Dr Nitin is not averse to the downsides of social media. “Students communicate primarily through Facebook. Also, they don’t use proper English while communicating with each other on social media. This has reduced their grammar and communication skills,” he says. “Earlier there were more face-to-face conversations,” he says. But he still remains upbeat about the role of social media in the modern students’ lives. Social media, he says, allows students to connect with persons who share similar interests no matter where they are. He himself uses his Facebook page to communicate with his students, informing them of any organisation that may be visiting the campus for placements. He likes the fact that social media allows him to relay useful information that reaches the intended audience instantly. “Any student wishing to join an institute,” he says, “will look at the reviews for the institute online. An institute that has good reviews will definitely attract more students than one that is not favourably reviewed. In fact, the impact of such reviews on the admission prospects of a school needs to be studied.” As a social media supporter, Dr Nitin is dismissive about the DPS MMS scandal casting a shadow in 2014. He says technology, if it comes with good results, is accepted immediately, but if it accompanies a bad news, is dismissed immediately. Though there are some negative aspects to the increasing role of technology, and particularly social media, in education, on the whole it has had a positive impact. He says the policies for fighting social crimes are being developed to deter the misuse of social media, which will make it more acceptable to educationists.
Such cautiously optimistic views are also echoed by N V Sarat, when he talks of the growing use of websites like Facebook and Twitter, “If is it rightly used, social media can be good. There should always be a watch and control over what they are doing, because it can also be misused by students. If it is done by parents at home and teachers in schools, I think it can really help out in teaching.” Doon Public School conducts several sessions with parents on how to regulate their child’s social media use and how to control it. Sarat says he never rejects the friend requests sent by his students on Facebook, and looks forward to interacting with them on social media as well.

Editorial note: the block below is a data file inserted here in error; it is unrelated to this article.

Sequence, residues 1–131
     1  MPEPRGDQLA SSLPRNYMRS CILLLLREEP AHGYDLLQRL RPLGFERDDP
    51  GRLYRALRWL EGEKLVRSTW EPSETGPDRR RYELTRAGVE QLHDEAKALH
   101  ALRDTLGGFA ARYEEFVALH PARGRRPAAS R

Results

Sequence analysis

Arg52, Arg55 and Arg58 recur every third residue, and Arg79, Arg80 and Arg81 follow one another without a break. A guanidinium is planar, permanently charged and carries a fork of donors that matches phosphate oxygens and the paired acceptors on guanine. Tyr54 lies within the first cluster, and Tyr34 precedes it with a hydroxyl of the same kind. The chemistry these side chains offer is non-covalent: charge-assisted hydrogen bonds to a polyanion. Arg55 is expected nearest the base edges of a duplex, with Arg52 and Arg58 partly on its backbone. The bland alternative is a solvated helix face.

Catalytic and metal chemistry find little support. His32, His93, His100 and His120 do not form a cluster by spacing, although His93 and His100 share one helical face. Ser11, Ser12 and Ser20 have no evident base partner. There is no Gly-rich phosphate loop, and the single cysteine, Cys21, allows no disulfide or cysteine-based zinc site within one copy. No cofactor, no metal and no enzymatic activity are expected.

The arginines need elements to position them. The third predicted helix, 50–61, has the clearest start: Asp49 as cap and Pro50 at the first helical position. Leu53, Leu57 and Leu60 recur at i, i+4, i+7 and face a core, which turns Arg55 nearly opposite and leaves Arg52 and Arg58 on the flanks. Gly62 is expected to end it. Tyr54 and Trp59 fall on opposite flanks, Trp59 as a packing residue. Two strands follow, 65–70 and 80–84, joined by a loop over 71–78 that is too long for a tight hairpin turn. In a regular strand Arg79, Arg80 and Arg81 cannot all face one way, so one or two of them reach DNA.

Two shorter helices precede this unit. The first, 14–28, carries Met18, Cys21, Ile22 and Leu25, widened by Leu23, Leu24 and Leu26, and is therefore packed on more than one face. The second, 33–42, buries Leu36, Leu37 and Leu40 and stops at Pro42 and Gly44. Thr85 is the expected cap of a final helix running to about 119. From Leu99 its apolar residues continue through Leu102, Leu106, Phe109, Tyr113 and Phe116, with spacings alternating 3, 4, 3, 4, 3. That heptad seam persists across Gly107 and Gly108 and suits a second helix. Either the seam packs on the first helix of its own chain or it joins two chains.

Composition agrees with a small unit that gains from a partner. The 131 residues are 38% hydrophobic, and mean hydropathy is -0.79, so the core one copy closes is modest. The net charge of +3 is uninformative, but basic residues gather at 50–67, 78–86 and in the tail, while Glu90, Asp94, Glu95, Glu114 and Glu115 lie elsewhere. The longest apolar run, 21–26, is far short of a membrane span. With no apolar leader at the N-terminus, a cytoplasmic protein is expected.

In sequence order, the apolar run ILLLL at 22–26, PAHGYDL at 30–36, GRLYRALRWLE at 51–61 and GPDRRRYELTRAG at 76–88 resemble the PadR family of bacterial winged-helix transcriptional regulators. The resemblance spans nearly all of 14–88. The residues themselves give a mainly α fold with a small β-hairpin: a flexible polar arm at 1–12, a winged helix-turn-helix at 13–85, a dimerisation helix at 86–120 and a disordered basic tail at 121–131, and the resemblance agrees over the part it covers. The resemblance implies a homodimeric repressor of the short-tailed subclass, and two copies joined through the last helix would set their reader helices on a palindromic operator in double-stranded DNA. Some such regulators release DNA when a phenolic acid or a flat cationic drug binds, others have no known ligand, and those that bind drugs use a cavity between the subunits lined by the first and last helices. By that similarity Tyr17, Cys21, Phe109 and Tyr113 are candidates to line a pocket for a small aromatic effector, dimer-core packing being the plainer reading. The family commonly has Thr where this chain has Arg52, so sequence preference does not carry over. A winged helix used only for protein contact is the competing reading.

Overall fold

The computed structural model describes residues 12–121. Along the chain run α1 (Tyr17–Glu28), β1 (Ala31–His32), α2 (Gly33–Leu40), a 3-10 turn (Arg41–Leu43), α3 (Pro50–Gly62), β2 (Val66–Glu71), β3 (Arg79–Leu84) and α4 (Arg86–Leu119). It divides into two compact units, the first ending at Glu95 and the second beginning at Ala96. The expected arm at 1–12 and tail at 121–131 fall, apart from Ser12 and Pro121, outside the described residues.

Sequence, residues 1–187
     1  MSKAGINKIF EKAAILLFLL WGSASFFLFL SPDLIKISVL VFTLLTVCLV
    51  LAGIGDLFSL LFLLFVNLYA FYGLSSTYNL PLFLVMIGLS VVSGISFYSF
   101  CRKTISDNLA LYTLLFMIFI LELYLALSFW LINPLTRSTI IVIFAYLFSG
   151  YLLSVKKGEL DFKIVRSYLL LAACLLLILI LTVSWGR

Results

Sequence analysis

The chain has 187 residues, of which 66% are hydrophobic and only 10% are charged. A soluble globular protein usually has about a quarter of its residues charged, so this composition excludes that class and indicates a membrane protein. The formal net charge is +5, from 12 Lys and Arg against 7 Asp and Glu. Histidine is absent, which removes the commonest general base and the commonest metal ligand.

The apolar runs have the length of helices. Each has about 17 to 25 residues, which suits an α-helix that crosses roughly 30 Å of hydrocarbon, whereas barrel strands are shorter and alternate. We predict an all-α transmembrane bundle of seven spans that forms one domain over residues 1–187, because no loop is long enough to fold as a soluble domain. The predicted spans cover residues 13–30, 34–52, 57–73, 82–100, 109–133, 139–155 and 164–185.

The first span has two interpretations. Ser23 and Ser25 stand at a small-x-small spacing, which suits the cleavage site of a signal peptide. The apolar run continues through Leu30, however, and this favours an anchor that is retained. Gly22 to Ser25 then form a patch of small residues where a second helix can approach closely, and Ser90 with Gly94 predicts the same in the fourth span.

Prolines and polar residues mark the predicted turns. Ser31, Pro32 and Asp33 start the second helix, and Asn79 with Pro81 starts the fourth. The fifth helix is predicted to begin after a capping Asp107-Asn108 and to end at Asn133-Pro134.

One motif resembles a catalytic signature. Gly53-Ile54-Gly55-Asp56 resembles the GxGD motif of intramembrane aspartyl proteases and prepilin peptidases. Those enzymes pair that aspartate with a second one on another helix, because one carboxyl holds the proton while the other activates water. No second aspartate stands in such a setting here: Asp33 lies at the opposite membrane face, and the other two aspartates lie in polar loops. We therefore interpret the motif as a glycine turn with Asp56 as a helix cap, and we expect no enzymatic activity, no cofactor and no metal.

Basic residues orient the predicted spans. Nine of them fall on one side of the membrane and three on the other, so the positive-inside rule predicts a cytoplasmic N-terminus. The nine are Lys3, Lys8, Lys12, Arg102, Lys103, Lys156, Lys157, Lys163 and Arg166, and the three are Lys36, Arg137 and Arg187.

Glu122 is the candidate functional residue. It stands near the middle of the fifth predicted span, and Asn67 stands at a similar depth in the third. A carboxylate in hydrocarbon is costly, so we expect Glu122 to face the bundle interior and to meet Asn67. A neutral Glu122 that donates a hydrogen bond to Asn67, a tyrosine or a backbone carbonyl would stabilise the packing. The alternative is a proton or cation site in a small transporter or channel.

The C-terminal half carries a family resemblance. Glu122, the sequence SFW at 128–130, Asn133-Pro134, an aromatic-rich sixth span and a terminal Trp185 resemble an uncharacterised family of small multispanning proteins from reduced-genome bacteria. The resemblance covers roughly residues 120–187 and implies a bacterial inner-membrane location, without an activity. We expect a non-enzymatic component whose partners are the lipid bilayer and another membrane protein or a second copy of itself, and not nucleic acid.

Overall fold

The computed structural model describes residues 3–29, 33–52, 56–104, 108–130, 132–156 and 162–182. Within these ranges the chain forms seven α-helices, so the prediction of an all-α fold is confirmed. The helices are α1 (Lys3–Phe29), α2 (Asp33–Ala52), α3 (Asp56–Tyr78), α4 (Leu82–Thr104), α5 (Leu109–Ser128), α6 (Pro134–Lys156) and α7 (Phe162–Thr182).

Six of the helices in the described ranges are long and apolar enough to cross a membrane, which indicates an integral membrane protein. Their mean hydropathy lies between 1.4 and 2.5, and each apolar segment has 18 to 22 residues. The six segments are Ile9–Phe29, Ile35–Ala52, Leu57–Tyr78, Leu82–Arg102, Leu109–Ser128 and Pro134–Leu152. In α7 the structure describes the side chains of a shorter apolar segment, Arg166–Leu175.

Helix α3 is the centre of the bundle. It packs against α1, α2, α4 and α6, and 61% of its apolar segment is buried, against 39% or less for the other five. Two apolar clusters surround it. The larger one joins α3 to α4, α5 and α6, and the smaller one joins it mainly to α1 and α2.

While Dr Nitin is optimistic about the role of social media in education, he is not blind to its downsides, when he says how students tend to communicate primarily through social media. A research scholar from a prominent university has studied how social media was used by students in a small town. She says on the condition of anonymity that students use social media only to connect with their friends. Education is the last thing on their mind when they use networking sites, she has found. Students use it mainly for fun purposes, she says. With Facebook being the number one social media website, she found that students used it to create pages to promote themselves and be popular among friends. It was peer pressure taken online. The students do not connect with their professors or teachers, preferring to form cliques of like-minded persons. Another observation was that most students had two profiles, one real and another fake. While the real profile is used to project a clean image of the student, the fake profile is used by them for all other purposes.The multiple profiles are used to connect to different domains, she says, like one profile for family, one for school teachers, and another for media.
“Most students had two profiles – one real and another fake…the multiple profiles are used to connect to different domains, like one for family, one for school teachers and another for media”
What she also found was that they were unaware of the security aspects and how social media sites track their site usages and share this information with advertisers and other sellers. This is a worrying trend, she noted, as potentially sensitive information may be leaked to the websites. The use of social media by students for frivolous purposes has resulted in some colleges banning Facebook and Twitter. If students start using these sites for educational purposes, the colleges may be more accepting, she says.
But if it is security of personal information, the users are not worried. Akash Aggrawal, a final year computer science student at Amity University is active on Facebook, Twitter, LinkedIn, WhatsApp and many more. He is connected with his teachers and assistant professors on these sites, and regularly interacts with them for academic purposes. The down downside of having teachers on one’s friend list, he feels, is that he has to be cautious when posting a picture or an update, since his posts can be seen by the teacher as well. But on the whole, he feels that sites like Facebook and technologies like WhatsApp provide a good opportunity to interact with teachers on a new platform.
In the ten years since the DPS MMS scandal, technology has advanced and has been adopted by the old and young alike. It will be a fool’s argument to limit its use, since it binds us together. Students today are hyper-connected with each other through social media and mobiles. They communicate at the speed of thought, and the pace won’t slow down. Schools have been largely playing a catch up to the students. While sites like Facebook and Twitter enable them to communicate directly with students, technologies like WhatsApp remind them that they are behind the curve as far as technology is concerned.
The future of education, in many ways, will lie in educational institutes becoming more social and using social media tools not just for promotion and advertising purposes, but for connecting with the existing students and learning how they function. It is not a steep slope, and as today’s students become tomorrow’s educators, the gap will surely narrow down. The sooner that happens, the better it is.